Group Think: Screen Time
Screen time has been something on my mind a lot lately. I’ve been thinking about what screen time is doing to my clients as a Speech Therapist as well as my own future children. But as concerned as I was for other people’s children or my children of the future, I realized I wasn’t analyzing my own addiction to technology. How much screen time do I have in a day? What is that doing to my brain? So I pulled together some friends and asked them what their relationship with technology is, whether positive or negative.
Monica: Hmm, I don’t really have any fully formed thoughts on it yet but I only have two social media platforms, Facebook and Instagram. And I would say using those has gotten less and less interesting to me in the past year. I use it mostly for quiet time and to decompress just to see what people are up to. But I don’t follow too many people that aren’t friends so it makes it easy to keep up and not stay on it forever.
Allie: That’s interesting that you primarily follow friends. I guess that’s not a strange concept but it is interesting to think about how many people I follow that I actually don’t know in real life. It’s true that if you are only following a small subset of people and they are people in your primary social network that you woudn’t need to spend that much time on it/ there wouldn’t be that much content to look at throughout the day.
Kaci: I’d say I have a love/hate relationship with technology these days. I never realized how much I was on my phone until Apple decided to inform us of the exact minutes we are on our phone easy day. Thanks, Apple!
For me, I enjoy the nightly scroll through my feed of beautifully decorated homes, cute videos of golden retrievers, and perfectly posed women with outfits I’d never be able to afford. I love the ability to show pictures of my son and the things we enjoy doing together. I love being able to catch small glimpses of all my friend’s and family’s lives in a matter of an hour.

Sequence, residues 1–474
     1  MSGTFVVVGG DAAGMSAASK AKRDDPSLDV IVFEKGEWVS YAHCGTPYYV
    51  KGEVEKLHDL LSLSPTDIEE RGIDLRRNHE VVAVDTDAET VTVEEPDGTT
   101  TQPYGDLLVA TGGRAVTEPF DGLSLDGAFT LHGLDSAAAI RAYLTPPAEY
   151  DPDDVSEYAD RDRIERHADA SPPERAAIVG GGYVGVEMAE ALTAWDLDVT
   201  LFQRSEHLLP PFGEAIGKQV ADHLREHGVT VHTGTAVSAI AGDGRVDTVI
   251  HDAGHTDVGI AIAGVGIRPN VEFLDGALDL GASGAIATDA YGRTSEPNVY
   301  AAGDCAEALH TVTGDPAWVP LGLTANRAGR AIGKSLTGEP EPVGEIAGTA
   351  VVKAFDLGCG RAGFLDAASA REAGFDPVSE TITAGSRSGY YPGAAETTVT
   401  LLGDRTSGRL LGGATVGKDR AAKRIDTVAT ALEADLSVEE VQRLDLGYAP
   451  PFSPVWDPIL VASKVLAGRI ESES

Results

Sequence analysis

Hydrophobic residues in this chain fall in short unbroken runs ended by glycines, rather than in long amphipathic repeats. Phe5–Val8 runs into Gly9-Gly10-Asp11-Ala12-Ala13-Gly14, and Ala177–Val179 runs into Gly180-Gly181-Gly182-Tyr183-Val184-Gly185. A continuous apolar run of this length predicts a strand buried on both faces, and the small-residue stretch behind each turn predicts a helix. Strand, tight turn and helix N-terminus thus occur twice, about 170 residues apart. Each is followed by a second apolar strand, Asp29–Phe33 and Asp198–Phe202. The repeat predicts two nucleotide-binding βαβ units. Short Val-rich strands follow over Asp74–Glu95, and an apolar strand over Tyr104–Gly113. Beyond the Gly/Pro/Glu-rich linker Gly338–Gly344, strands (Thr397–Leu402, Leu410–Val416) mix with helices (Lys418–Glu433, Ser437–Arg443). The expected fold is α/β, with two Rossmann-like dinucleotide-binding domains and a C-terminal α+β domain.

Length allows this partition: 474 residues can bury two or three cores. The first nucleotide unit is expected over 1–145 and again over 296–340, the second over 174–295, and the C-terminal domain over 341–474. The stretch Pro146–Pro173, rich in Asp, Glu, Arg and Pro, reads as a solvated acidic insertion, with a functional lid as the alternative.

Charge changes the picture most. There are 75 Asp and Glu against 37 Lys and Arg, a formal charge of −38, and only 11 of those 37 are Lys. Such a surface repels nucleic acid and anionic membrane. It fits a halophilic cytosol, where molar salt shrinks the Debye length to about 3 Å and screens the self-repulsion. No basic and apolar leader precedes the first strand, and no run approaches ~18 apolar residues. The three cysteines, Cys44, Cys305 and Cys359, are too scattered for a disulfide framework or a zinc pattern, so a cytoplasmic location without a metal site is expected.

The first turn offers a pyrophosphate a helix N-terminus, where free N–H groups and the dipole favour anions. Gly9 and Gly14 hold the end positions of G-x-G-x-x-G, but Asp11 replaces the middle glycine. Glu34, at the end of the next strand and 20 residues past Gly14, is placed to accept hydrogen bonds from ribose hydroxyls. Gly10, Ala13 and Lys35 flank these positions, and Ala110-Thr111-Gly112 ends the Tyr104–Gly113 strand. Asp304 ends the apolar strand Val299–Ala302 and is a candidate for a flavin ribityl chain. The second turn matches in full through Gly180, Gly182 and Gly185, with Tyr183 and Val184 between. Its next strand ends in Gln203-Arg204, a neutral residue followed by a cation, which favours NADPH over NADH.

But one day I realized that my siblings and I grew up without ever seeing our parents holding any kind of technological device. Sure, we had the house phone on the kitchen counter and the over-the-shoulder camcorder, but nothing that took their time away from us. I hate to admit it but I am one of those parents that gets lost in the nightly scroll. I try my best to only “social media” after my son goes to bed, but I sadly fail most of the time.
My son doesn’t have much technology. He watches an hour of TV each day but we don’t do video games in our house. Luckily, I’ve found that if you don’t expose your kids to a bunch of devices they don’t have the urge. I’d love for him to grow up like me and my siblings did with little to no technology. I found a disc man at Goodwill for him and he loves listening to rock CD’s on our road trips. He enjoys playing Minecraft on his Grandma’s iPad but other than that I’d say he’s more of a toy kid than a tech kid. Now if only I could more of a device-free mom! :)
Allie: I love the mom perspective as well as Kaci’s own personal perspective. I think ultimately I know I need to cut back on my social media use and really analyze why I feel the need to post when I do. Who am I sharing this picture with? Is it going to bring joy to anyone? Why do I need to show this picture of me and my boyfriend? Is it to show that we’re hanging out together and look how cute we are or is it because I want to look at it later? And if it’s the latter, what’s the point of even posting it then? I might as well keep it on my camera roll and look at it whenever I want. This is going to be an ongoing discussion for me but for now I have taken a few steps towards decreasing my social media and technology use. I set time limits on my social media apps for only an hour a day and before I reach for my laptop or phone I’ve started asking myself why I am doing so. Can I read a book instead? Can I pour into one of my hobbies? Maybe hang out with my housemates? I’d hate to look back on this amazing time in my life and think, “wow I spent a lot of time looking at a screen, and for what?”